Shoppers call on governments and brands to change fashion

 New research released last month by Fashion Revolution showed that consumers expect brands and governments to be doing much, much more. Picture: Fashion Revolution.

New research released last month by Fashion Revolution showed that consumers expect brands and governments to be doing much, much more. Picture: Fashion Revolution.

By BEL JACOBS


Much has been made of consumer power to turn brands, transform lifestyles, stop shopping. But the truth is that consumers represent only one of the groups required to make serious change where it counts. The path to a sustainable future requires passion from activism, commitment from shoppers and perhaps most importantly, positive action from brands and governments.

We can shop ethically until we drop but until the system changes fundamentally, we’re tinkering around the edges. New research released last month by Fashion Revolution showed that consumers across the five largest EU markets genuinely want to know more about the social and environmental impacts of their clothes - and that they expect brands and governments to be doing much, much more.

The UN’s Sustainable Development Goals for 2030, encompassing global poverty, climate change and environmental protection, provide the report's guiding structure. Environmental factors are considered most important (85% listing climate change and 88% environmental protection in order of importance), but social issues are close behind. Eighty four per cent consider it important for brands to address global poverty while 77% emphasised issues of gender inequality.

And most - 68% - agree that the government has a role to play in ensuring that clothing and accessories are sustainably produced (which means, surprisingly, that 32 per cent think they can do it on their own). And most people agree fashion brands should be required - by law - to protect human and environmental protect rights at every stage of the supply chain.

The online poll of 5,000 people across the UK, Germany, France, Italy and Spain was conducted by Ipsos MORI for Fashion Revolution ahead of November’s Black Friday, the biggest shopping discount event of the year to highlighting just how far we have to go.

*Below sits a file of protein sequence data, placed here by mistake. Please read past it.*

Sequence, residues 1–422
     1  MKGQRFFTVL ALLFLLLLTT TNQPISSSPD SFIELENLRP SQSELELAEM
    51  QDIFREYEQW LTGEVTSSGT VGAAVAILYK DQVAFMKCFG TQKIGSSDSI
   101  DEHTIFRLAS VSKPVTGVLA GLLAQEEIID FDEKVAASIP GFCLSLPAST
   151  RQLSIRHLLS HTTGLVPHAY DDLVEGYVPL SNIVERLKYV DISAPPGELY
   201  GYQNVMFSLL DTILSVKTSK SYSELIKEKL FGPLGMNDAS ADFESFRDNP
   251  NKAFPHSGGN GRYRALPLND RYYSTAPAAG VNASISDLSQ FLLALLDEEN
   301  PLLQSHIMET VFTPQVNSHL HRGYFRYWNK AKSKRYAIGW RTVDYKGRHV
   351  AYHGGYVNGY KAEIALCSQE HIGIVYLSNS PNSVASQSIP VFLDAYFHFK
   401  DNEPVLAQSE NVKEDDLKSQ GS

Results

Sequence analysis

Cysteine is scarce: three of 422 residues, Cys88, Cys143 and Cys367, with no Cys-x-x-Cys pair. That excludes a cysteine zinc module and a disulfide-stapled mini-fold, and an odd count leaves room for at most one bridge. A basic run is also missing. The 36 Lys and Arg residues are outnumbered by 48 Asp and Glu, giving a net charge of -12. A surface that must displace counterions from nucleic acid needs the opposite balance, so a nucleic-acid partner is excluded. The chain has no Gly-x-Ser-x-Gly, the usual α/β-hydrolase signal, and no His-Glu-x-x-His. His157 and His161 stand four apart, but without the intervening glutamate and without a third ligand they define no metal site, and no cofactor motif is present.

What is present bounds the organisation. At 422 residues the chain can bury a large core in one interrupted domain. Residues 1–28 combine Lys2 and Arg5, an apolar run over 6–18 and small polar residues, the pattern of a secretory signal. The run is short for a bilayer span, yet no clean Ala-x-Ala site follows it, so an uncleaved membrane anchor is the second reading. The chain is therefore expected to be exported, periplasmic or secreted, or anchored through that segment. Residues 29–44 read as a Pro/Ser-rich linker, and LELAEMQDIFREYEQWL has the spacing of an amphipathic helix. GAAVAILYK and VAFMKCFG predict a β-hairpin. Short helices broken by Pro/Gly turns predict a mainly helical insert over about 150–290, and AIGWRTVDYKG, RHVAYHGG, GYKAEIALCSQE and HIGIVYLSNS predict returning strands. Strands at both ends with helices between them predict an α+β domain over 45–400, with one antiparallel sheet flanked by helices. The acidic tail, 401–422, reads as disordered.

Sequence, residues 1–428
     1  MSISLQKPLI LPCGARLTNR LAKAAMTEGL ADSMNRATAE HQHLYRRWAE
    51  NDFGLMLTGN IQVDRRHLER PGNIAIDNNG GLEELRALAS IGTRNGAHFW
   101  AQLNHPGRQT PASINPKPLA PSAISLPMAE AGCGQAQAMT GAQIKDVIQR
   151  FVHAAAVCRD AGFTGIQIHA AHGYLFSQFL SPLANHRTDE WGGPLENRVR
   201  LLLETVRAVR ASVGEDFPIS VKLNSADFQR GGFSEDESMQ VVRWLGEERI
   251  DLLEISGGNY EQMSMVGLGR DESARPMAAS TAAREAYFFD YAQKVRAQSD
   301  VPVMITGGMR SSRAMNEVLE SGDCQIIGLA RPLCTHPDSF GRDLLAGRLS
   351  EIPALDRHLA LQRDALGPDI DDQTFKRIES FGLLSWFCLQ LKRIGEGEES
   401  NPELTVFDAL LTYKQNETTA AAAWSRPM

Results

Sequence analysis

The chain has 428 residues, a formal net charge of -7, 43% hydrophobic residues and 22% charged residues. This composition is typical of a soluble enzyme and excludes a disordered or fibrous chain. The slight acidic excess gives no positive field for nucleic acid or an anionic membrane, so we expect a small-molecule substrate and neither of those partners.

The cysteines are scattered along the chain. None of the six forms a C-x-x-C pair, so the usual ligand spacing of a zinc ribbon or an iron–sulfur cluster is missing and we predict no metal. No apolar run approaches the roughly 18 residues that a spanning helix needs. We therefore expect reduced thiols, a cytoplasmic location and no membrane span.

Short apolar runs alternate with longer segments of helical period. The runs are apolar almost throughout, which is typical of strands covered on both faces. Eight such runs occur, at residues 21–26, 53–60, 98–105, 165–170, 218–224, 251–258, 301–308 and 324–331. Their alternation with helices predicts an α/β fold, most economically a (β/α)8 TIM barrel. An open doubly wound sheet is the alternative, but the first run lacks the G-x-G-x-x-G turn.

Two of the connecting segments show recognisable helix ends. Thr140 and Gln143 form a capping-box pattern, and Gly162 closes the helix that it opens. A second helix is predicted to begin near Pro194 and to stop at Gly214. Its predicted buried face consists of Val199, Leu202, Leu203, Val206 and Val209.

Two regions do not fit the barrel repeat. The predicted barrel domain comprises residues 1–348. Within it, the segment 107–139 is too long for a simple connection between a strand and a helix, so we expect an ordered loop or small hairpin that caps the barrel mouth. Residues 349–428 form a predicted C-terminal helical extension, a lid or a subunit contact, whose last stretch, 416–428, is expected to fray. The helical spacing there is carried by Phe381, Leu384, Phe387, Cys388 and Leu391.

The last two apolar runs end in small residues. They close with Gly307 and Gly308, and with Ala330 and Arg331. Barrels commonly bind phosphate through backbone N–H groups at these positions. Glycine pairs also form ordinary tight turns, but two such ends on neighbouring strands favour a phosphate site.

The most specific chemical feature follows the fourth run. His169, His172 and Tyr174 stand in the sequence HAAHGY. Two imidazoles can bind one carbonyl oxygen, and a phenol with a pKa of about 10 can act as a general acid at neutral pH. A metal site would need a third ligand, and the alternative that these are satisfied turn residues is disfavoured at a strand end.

“The pace of change by the fashion industry simply isn’t moving fast enough, and we can see this reflected in consumer attitudes,” says Sarah Ditty, Policy Director of Fashion Revolution. “People have an urgent, emotional desire to know more about how their clothes are made, and that they haven’t harmed the environment, the people who made them nor were tested on animals. And they want governments to hold brands and retailers to account to ensure this happens.”

Transparency as a concept comes up again and again. Most people want to find out more about the social and environmental impacts of the clothing they buy: where materials come from, how the clothes are manufactured, what companies are doing to minimise their impacts on the environment and to protect their workers’ human rights.

 Model Amber Valletta asks: Who Made My Clothes? Picture: Fashion Revolution.

Model Amber Valletta asks: Who Made My Clothes? Picture: Fashion Revolution.

Fashion Revolution’s Fashion Transparency Index, which reviews and ranks 150 major global brands and retailers according to their social and environmental policies, practices and impacts, found that top ranking global brands scored a pretty miserable 51-60% out of a possible 250 points in 2018. Consumers wanted to brands to publish how products are sustainable and what they are made from on the packaging and make it clear where they source materials, ingredients and components from.

Sarah Ditty added: “We’d like the general public, companies and governments to use our research to help drive change in the fashion industry, to better influence their peers to care more about social and environmental issues in fashion and start asking vital questions about the impacts of our clothing,” says Ditty. Meanwhile, the work continues: Fashion Revolution is benchmarking consumer attitudes to ethical consumption and will track and report change over three years. Onwards and upwards.

Read the full report here www.fashionrevolution.org/